This is not a "Best Films of the Decade" list. And that's probably a good thing. There are plenty of those making the rounds right about now anyway. Let's all just create our own, so you can focus on how Mad Max: Fury Road was a singular adrenal hit, or Under the Skin was the peak of arthouse paranoia, and I feel no shame about including all three eligible Paul Thomas Anderson films.

In this retrospective, we'll focus on 10 movies that kicked off waves, reshaped our film conversations for better or worse and captured the 2010s in all their ingenuity, beauty and awfulness. These are, in effect, our period pieces. May they age as gracefully as we deserve.

The Social Network (2010)

"You're going to go through life thinking girls don't like you because you're a nerd, but…it'll be because you're an asshole." In one line, Rooney Mara (via Aaron Sorkin's pen) slashes to the core of Zuck, who helped turn online discourse—and perceptions of reality—into a quagmire. David Fincher's masterpiece now comes off as a horror movie about how we arrived right here.

The Avengers (2012)

Frankly, I'm not sure the first Marvel team-up is that good. But as with most MCU entries, quality is second to existence. Serviceable in every way, The Avengers exemplified the quick-dry bargain of 2010s blockbuster filmmaking. "We show you a configuration of something you already like. You give us a billion dollars. We give you more." Is it cinema? I don't know, but artistic value was never the point.

John Wick (2014)

Wordless, puppy-avenging Keanu Reeves has essentially market-corrected James Bond for the past five years. Pitch black and exceptionally simple, the John Wick movies made the stunt coordinator-turned-visual artist into a mainstream concept, and entered Keanu into a growing category of aging stars breaking their bones for our pleasure.

Inside Out (2015)

The high-water mark of Pixar's spotty past decade, Inside Out remains resonant for more than just its creativity in literalizing a child's brain. Its focus on dialectics between emotions clicked into place just as the entire discourse around storytelling shifted toward examining mental health, empathy and trauma.

Moonlight (2016)

Moonlight announced a generationally great filmmaker in Barry Jenkins, raised the trophy at the only culturally transcendent Oscars moment of the decade, and teased the irrational few of us who still care that the Academy's tastes may have changed for the better. Gulp.

O.J.: Made in America (2016)

If you made me cut my list to one decade-defining entry, this is it. Ezra Edelman's towering documentary tapped into '90s nostalgia, true crime, the blurred lines between TV and film, and, perhaps most reassuringly, fed the modern audience's insatiable appetite for context about events we thought we already knew.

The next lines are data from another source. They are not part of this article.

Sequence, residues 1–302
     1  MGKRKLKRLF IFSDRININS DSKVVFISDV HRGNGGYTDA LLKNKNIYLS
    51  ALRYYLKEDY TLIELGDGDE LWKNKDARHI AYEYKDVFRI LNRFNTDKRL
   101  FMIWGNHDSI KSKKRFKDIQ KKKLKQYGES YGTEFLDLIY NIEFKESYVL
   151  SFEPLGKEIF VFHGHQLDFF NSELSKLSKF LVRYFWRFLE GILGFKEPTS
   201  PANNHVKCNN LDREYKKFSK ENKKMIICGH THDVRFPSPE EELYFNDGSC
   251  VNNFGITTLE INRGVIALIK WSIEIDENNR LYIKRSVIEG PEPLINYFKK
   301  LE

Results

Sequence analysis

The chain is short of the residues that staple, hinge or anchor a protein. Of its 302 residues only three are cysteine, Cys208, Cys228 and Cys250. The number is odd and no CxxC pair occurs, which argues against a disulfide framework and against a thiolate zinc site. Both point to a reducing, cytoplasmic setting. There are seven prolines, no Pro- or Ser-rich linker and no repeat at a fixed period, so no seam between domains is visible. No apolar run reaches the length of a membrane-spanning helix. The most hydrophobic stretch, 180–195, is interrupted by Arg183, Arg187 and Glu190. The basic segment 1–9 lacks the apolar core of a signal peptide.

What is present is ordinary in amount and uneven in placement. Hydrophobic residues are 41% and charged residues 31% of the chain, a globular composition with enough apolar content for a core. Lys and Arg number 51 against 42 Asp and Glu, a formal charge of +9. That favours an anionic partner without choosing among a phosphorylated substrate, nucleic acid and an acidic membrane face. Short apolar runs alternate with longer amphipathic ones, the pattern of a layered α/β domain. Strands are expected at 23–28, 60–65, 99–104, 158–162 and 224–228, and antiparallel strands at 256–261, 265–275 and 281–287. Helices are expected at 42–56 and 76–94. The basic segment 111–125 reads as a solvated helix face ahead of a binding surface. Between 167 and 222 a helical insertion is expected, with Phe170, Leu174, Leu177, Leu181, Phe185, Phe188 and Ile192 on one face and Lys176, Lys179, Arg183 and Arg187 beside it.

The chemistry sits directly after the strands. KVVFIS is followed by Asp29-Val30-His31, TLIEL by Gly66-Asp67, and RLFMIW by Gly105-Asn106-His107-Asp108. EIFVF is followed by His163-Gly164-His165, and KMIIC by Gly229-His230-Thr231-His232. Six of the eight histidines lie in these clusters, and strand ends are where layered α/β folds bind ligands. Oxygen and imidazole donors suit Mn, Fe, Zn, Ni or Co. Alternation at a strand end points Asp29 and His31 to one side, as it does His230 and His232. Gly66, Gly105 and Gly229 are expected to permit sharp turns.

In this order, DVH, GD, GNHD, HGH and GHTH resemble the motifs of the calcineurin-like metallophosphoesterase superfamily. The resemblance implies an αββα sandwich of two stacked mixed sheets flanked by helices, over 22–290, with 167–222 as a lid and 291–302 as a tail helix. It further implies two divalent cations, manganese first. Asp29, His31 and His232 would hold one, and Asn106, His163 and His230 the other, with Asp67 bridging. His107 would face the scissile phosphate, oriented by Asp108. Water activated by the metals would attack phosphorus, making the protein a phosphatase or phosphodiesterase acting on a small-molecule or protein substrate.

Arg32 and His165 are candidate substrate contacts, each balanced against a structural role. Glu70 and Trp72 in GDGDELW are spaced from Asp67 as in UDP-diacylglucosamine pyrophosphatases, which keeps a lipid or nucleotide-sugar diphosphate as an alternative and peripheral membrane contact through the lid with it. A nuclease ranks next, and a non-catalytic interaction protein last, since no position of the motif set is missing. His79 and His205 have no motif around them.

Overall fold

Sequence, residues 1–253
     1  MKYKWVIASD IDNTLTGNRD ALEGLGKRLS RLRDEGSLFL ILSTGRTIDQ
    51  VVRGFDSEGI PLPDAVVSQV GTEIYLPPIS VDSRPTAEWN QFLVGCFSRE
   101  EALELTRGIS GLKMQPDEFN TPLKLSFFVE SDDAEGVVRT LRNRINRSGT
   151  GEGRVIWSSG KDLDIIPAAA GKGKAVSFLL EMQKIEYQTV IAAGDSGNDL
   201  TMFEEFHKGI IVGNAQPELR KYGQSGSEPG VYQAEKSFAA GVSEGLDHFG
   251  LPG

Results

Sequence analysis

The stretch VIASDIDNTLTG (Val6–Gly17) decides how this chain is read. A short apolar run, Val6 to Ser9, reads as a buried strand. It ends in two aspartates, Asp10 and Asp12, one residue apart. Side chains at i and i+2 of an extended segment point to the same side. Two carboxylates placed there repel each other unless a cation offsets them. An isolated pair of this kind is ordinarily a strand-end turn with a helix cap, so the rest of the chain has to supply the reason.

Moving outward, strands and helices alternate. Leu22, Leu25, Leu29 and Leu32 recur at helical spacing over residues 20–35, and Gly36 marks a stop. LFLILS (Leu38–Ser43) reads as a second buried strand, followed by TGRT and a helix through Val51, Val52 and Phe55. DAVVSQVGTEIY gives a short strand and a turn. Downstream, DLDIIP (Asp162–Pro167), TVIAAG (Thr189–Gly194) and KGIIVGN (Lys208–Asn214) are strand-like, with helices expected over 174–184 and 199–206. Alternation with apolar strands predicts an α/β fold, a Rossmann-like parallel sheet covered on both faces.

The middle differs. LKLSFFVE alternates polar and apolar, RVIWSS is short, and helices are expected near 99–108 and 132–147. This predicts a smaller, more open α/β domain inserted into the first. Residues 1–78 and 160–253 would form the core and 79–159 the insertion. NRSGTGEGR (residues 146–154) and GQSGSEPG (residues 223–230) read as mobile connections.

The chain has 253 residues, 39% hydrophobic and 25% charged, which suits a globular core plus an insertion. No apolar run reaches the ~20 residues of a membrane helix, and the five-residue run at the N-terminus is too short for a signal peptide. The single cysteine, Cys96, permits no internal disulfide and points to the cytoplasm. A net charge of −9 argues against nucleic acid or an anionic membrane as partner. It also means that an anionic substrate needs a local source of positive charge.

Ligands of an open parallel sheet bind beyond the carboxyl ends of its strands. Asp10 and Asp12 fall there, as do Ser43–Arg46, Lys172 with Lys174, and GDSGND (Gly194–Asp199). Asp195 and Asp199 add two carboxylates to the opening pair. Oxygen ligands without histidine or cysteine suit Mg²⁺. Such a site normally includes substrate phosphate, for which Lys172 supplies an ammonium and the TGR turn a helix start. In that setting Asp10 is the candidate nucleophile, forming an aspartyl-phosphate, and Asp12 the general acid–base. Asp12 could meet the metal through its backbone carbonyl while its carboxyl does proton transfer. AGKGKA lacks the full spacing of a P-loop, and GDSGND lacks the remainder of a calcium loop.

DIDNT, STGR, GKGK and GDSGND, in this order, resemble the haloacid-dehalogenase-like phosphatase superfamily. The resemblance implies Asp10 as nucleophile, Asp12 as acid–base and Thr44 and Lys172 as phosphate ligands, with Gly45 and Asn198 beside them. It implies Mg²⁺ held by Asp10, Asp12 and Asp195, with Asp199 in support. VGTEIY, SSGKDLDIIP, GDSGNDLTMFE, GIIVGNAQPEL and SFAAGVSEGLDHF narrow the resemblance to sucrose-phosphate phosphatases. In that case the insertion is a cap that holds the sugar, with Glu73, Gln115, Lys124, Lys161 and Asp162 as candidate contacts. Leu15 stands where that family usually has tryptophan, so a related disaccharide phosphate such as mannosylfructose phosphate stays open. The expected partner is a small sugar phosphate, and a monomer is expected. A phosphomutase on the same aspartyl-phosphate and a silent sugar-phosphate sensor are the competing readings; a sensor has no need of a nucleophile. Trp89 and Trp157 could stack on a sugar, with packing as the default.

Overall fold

Lady Bird (2017)

Lady Bird announced a generationally great filmmaker in Greta Gerwig, infused the high school movie with intelligence and specificity, and remember what I said about the Academy 20 seconds ago? Well, Gerwig was the only woman all damn decade to be nominated for Best Director. Do better in the 2020s.

Get Out (2017)

Not many movies can launch 10,000 think pieces, get your parents into a theater and spark a two-year debate about how a genre is evolving. What's more, every conversation about blockbuster exhaustion somehow holds up Get Out as the original-minded alternative.

Eighth Grade (2018)

The 2010s raised mortal questions about the future of movies. But let's focus on one: From The Irishman to the Ghostbusters reboot, how long can we keep living in the 20th century? Bo Burnham's affectionate cringe comedy went where more movies assuredly will in the next decade—into an iPhone camera roll, the mind's eye of Gen Z and the refracted space in which we present ourselves to the rest of the world.

Parasite (2019)

If The Social Network predicted the 2010s online, Parasite detonates the eerie disjunctions in our physical spaces. Drawing $20 million worth of American moviegoers so far, the great Bong Joon-ho has touched a nerve. His Palme d'Or winner is about class, sure, but also how we hide from each other in the edifices of our cities, careers and homes. Can we possibly regain sight of each other without malice and death? Bon voyage, 2010s.